Clippers focused, raring to start Summer League play

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PLAYA VISTA — Player development coach Beau Levesque sauntered over to rebound for Trey McGowens early Tuesday afternoon, getting to know the rookie guard from Nebraska, chatting with him about their live sports experiences.

In less than a week, McGowens – like the six other rookies on the Clippers’ Summer League roster – will experience live professional basketball for the first time in Las Vegas. The Clippers take the court for the first of five games on Saturday night (6:30 p.m.) at Cox Pavilion against Memphis (NBA TV).

An eighth rookie – Jason Preston – is a Summer League veteran but an NBA Year 1, having suffered a foot injury just before training camp last season, ligament damage that delayed his NBA dreams.

After averaging 9 points, 4.8 assists and 2.6 rebounds during 2021 Summer League play, Preston spent the rest of the 2021-22 slate watching and learning – and bulking up, putting on 15 pounds (to 196) since his Las Vegas debut last year. “I knew it, they knew it, it was something I had to do,” he said.

Now, with a second shot at his first season right around the corner, the 22-year-old from Ohio University smiled broadly as he took a seat before reporters Tuesday at Honey Training Center.

“It’s been a long time since I’ve done something like this,” Preston beamed, noting, with a laugh, that it felt “pretty good.”

Jason Preston reflects on having to sit out last season. pic.twitter.com/Xos5vm3MxI

— Mirjam Swanson (@MirjamSwanson) July 5, 2022

Weighing in at 198 pounds, 10 heavier himself, Brandon Boston Jr., had sauntered over moments before, in midseason form with the media: “Hellooo. How y’all doin’?”

And how was he – just 20 years old and with 51 NBA games under his belt, by far the most on the Clippers’ summer roster – doin’? “Great, can’t complain.”

Boston and Preston – as well as Moussa Diabate, who arrived in L.A. shortly after the Clippers selected the Michigan forward with the 43rd overall pick in last month’s NBA draft – have been among the regulars at the team’s training facility this offseason.

“All those young guys have been in the gym,” Lawrence Frank, the Clippers’ president of basketball operations, said on NBA draft night. “We’ve had anywhere from nine to 11 guys every day in the gym and it’s an unbelievable atmosphere … they come in and they work. Our performance staff is doing a great job with our players and it’s a great balance between veteran players, young players. You just see an urgency and a drive.”

As serious as those offseason sessions have been, it was officially back to business on Tuesday, when the Clippers welcomed back Boston, Preston and Reggie Perry, a guard who the Clippers drafted 57th overall out of Mississippi State in 2020.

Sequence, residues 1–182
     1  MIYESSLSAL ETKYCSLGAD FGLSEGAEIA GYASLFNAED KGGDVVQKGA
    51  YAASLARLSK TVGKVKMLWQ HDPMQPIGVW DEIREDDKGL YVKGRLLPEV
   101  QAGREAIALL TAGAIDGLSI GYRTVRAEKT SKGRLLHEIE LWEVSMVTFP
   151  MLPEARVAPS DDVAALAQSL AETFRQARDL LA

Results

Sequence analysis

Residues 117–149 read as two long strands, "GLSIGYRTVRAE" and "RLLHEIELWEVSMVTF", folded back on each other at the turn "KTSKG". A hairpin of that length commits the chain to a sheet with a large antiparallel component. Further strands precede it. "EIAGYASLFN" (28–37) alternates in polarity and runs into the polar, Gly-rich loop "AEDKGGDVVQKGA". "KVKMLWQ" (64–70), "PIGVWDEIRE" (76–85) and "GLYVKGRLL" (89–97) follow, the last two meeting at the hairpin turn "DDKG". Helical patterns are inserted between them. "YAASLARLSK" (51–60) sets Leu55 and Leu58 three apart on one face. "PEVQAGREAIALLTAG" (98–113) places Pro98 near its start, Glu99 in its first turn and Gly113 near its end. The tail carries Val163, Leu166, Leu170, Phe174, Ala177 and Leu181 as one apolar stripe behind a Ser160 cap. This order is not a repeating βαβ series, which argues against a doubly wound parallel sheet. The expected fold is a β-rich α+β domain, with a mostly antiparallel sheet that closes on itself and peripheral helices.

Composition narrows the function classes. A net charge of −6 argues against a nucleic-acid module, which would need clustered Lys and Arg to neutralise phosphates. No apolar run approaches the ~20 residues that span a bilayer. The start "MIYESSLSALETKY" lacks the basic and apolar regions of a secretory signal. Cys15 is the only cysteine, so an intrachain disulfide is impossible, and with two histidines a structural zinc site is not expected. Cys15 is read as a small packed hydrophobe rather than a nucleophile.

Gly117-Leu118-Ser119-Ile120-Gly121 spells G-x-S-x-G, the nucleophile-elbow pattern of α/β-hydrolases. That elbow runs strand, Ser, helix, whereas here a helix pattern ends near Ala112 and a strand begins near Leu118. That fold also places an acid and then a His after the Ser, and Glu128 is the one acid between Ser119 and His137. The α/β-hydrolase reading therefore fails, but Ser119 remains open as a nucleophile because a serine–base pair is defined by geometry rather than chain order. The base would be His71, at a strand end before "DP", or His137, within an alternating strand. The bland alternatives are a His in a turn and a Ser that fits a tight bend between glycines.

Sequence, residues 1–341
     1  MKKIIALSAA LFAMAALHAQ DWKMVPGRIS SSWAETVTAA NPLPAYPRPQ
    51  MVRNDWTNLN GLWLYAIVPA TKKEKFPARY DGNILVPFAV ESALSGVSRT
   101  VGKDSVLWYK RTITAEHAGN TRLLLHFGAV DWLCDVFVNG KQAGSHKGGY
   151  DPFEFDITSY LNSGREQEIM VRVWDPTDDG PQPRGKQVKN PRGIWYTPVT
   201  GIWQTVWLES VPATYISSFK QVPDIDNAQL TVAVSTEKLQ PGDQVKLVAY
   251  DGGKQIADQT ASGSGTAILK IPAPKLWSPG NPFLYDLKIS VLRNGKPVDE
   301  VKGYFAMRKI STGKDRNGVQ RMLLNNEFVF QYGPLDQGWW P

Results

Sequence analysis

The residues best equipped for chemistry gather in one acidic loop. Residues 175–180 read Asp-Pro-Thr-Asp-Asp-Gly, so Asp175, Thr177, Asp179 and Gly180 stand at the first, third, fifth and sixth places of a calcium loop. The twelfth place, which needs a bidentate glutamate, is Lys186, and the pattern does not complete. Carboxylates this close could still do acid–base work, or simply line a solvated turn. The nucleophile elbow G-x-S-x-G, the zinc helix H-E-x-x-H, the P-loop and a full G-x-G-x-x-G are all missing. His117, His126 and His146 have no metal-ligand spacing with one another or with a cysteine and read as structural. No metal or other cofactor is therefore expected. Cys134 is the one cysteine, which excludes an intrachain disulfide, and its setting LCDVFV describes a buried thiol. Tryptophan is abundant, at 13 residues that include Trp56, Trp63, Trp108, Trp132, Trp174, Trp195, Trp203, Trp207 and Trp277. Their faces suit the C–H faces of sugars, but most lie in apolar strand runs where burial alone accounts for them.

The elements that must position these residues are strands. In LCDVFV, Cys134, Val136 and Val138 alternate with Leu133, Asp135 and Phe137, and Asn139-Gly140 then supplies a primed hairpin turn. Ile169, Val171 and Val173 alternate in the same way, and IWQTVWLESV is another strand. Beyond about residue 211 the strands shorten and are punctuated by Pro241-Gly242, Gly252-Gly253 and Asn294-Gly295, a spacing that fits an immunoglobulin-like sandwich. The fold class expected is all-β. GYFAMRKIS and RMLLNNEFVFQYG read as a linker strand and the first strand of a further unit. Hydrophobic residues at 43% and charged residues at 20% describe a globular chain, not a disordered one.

They also welcomed in McGowens, as well as a cast that includes Utah State’s Justin Bean and Georgia Tech’s Michael Devoe.

Shaun Fein, the Clippers’ lead player development mind, will be the Clippers’ head coach in Las Vegas, where he intends to have his group of mostly newcomers playing a recognizable brand of Clippers basketball: “We want to play fast but under control, if that makes sense? Again, a big emphasis on getting into the paint, creating closeout situations, putting the defense on their heels. And then just playing together … getting everybody involved, getting everybody touches, get paint touches.”

He said he also expects Boston and Preston to showcase what they’ve been working on behind the scenes, especially defensively.

“They put in the work of our schemes and how we’re gonna play and the physicality of it,” Fein said. “So for them to get on the court next season, that’s gonna be the focus for them. We know they’re talented on the offensive end, but can they do it on the defensive end?”

Preston was starting to get the hang of that by the close of Summer League last season. He’ll try to pick up where he left off.

“I did it before, so I know a little bit more going into it,” he said. “So I’m really excited for this second go-round.”

Boston is excited to see Preston back on the court too, he said.

“Great player, smart player, he knows where everybody is at on the floor,” Boston said, saluting his teammate’s work ethic. “He is in here, the first one in here, almost the last one to leave. That is all I can ask from a player, somebody who is disciplined and willing to work.”

G LEAGUE NAME CHANGE

Going forward, the Clippers’ G League contingent will be known as the Ontario Clippers. They’ll continue to play home games at Toyota Arena through the 2023-24 season.

Since the developmental team’s first season in 2017, it had been known as the Agua Caliente Clippers of Ontario; the band of Cahuilla Indians in Palm Springs that runs the Agua Caliente Casino Resorts was the team’s presenting sponsor.

Last season, they finished with a 22-11 (.667) record and went to the G League postseason for the first time, reaching the Western Conference finals.

Jason Preston and Moussa Diabaté get going ahead of Summer League. pic.twitter.com/Axr8ZEqPhC

— Mirjam Swanson (@MirjamSwanson) July 5, 2022

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